2. Solidity: When you’re out over rough terrain, things get dropped and occasionally broken. If you’re going to be relying on your compass to potentially save your life, it needs to be a solid piece of kit. This compass fits the bill.
3. Transparent baseplate. Easy to use with a map, you can easily position this compass without losing sight of potentially important information.
4. Lightweight: We’re not all fast packers, but why weigh yourself down unnecessarily?
5. Easy to read: With an uncluttered layout and luminous bezel and markings for navigating in poor visibility. This really is an important point. While a more complex layout may look good, the clearer the better when you’re trying to take a bearing in harsh conditions.
6. Magnifying lens: For reading those tiny map symbols with ease.
7. Fixed declination correction: Allows you to set true north for your trip.
8. Scale markings: Handy for easier map reading and trail planning.
9. Price: Why spend more on features you don’t need and that could cause confusion, or make a simple reading more complex than it needs to be?
That said, if you choose to go for another compass for hiking, make sure that it a good quality model and is from another reputable brand.
10. Lifetime warranty: I’m not suggesting you’ll need to use it, however, the fact that this compass comes with a limited lifetime warranty shows the confidence that the manufacturer has in this product.
If you have other needs apart from those of the average hiker, you may of course wish to look for a compass with additional features.
I’ve been hiking for many years with a basic baseplate compass and even on more difficult, technical hikes, I’ve never needed anything more complex than a standard baseplate compass.
Tips for using your hiking compass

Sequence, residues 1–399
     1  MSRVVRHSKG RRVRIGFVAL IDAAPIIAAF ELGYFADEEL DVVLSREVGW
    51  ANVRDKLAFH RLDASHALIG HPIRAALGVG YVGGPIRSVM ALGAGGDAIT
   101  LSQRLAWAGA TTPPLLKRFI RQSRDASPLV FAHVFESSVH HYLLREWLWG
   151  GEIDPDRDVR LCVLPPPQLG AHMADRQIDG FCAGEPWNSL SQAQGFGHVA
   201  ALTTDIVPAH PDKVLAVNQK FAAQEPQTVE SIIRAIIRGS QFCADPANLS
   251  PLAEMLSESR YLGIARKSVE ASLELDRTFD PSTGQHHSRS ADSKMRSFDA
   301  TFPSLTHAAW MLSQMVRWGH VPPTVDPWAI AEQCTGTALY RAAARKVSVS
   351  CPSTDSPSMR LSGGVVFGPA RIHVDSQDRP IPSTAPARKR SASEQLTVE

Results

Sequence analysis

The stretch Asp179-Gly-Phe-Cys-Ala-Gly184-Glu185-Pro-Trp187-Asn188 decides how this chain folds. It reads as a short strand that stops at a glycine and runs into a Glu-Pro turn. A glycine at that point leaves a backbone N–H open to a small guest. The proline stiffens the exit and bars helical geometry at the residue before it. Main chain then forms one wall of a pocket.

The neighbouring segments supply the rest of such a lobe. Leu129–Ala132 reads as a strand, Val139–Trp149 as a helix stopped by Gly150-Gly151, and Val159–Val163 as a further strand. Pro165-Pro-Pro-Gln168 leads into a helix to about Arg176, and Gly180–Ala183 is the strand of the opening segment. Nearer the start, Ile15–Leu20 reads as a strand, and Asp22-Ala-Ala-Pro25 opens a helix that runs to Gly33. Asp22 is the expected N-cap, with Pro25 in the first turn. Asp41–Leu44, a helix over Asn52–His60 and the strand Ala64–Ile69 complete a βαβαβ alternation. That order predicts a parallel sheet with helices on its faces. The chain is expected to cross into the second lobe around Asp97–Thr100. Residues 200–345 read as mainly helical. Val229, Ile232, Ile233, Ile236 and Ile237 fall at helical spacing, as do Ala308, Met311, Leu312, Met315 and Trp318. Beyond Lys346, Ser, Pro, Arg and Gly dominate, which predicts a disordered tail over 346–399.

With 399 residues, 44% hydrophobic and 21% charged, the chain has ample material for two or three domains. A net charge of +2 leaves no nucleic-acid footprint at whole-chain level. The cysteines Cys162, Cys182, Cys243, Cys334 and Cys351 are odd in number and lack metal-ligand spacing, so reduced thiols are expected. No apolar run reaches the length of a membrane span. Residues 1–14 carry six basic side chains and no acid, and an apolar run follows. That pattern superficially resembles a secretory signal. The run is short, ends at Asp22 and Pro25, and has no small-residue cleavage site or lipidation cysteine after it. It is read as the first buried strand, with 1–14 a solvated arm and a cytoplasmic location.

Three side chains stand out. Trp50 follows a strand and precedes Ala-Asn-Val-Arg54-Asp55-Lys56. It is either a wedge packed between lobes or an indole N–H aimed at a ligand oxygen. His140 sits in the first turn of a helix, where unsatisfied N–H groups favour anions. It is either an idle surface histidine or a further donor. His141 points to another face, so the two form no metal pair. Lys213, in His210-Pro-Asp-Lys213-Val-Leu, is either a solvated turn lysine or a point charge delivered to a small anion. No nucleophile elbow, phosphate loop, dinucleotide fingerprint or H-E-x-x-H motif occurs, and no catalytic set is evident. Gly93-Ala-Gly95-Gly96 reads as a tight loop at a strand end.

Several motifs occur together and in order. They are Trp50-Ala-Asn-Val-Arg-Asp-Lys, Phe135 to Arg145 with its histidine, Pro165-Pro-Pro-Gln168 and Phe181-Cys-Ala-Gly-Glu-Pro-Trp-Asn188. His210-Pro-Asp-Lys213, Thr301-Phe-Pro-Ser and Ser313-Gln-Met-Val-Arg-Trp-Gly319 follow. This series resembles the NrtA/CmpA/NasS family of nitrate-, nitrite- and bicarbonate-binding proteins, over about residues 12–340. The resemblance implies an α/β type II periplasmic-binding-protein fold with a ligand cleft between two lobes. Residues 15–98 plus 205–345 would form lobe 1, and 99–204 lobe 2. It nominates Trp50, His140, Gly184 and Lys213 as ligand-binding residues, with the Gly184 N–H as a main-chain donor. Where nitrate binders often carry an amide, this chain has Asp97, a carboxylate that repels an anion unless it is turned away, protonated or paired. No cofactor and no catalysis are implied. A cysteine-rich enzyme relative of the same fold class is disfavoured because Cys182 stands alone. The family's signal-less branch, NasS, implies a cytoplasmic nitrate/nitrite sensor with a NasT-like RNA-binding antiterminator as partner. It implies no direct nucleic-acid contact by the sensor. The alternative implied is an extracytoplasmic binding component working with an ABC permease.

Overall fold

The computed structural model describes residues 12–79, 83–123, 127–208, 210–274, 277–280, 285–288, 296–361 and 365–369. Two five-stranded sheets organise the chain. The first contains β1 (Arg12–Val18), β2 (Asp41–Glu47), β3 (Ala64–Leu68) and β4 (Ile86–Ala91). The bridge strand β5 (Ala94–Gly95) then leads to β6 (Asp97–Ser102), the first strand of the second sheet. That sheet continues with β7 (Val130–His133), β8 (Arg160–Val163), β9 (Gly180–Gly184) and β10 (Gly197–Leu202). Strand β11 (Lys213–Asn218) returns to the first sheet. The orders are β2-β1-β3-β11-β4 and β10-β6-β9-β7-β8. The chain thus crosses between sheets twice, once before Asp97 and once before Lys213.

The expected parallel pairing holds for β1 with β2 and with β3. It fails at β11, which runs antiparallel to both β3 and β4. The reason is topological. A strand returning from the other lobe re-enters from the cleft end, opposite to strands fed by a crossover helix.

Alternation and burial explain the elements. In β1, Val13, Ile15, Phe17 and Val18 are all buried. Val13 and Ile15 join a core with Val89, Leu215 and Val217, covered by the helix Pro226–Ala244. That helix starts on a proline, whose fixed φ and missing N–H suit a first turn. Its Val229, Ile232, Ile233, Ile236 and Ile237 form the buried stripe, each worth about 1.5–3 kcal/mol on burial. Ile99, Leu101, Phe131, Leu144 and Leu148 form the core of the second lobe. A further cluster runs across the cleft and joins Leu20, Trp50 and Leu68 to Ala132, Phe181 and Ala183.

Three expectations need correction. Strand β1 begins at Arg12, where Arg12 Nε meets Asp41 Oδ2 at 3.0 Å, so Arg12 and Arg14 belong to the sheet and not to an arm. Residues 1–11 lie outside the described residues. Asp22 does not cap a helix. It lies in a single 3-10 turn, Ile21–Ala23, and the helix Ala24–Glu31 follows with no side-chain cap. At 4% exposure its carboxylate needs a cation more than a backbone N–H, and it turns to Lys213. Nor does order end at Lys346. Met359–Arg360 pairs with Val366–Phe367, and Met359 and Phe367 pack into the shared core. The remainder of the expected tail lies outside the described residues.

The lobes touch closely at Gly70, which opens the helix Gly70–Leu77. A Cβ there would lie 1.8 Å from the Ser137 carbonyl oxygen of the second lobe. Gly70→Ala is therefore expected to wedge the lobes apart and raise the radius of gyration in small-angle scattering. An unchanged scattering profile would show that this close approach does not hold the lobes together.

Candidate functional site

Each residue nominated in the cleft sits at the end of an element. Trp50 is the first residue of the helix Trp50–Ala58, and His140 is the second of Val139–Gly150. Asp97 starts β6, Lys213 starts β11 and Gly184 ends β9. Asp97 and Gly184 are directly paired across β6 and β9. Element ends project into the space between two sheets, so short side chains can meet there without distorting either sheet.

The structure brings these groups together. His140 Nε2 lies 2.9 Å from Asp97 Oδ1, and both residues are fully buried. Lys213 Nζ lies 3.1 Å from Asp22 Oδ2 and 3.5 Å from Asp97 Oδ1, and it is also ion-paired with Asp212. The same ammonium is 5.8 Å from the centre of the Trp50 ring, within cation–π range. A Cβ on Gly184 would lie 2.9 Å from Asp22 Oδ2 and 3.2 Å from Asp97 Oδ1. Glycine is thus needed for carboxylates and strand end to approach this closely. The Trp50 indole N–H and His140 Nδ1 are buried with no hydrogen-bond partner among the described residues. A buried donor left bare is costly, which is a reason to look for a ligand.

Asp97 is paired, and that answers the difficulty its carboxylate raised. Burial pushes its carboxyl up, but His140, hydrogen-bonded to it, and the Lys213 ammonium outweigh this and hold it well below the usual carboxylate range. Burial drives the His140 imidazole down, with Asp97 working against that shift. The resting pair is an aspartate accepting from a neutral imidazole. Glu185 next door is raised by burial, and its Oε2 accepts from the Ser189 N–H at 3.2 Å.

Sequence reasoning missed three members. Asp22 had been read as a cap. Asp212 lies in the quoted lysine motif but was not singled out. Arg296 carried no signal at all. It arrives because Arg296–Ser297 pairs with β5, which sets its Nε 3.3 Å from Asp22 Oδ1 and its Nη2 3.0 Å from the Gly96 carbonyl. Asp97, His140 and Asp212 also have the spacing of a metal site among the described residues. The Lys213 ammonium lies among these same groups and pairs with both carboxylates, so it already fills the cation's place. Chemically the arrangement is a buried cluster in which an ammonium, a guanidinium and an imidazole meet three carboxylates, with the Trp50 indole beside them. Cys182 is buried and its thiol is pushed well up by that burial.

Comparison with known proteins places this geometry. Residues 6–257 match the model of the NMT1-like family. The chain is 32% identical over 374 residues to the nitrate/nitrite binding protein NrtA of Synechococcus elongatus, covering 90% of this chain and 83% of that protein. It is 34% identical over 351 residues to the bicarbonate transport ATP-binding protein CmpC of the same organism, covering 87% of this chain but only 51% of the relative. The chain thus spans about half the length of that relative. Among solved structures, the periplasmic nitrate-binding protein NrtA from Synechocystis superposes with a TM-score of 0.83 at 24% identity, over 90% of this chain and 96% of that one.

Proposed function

Take the time to learn how to use your compass. If you need to brush up on the basics or learn from scratch, make sure you do so well before heading off into the wilderness.
The video below shows you how to take a bearing, this is just a flavor, and as you can see that in and of itself, it is straightforward and easy to do.
However, you need to have the knowledge on how to read maps properly, align them to the land, etc. so taking a proper navigation course is my recommendation.
Try out your compass in familiar territory, near your home or on a well known trail and use it to find your way. This will help build your confidence and take some of the mystery out of compass and map reading.
Be careful where you read your compass. Metallic objects can throw your compass’ accuracy off course. Check the vicinity for large metal objects, for example, don’t check your reading in your car or with your map spread out over a metal-based picnic table.
Store your compass away from electric fields and magnets, they can lead to permanent damage over time by demagnetizing your compass’ needle. This is especially important if you’re going to be putting your compass away for long periods of time.
Check the immediate vicinity of your storage place for magnets and electric fields, this also includes simple things like magnetic clasps that keep certain items closed.
Test your compass from the comfort of your home if you’ve not used it in a while, it’s better to be safe than sorry as the adage goes!
Remember, if you’re planning any far away trips, bear in mind that may need to change your compass. Purchase a southern hemisphere compass for trips south of the equator, or if you’re from the south visiting the north, you’ll need to change to a northern hemisphere compass.
If you’re not accustomed to using a compass, finding the best compass for the money can seem like a complicated decision. However, both novice map readers and experienced hikers alike can benefit from the simplicity of a basic baseplate compass.
Check out the Suunto A-30, my personal favorite. I think you’ll struggle to find another high-quality, easy to read compass for the same price.
Whichever compass you decide to choose for hiking, make sure that it’s from a reputable brand and learn how to use it before you head out into the wilderness.
While mobile phones and electronic positioning devices have made life easier in many ways, our over reliance on electronic gadgets that can fail when we need them most, can make some hikers unnecessarily vulnerable. Hence the importance of always packing a compass and map and knowing how to use them.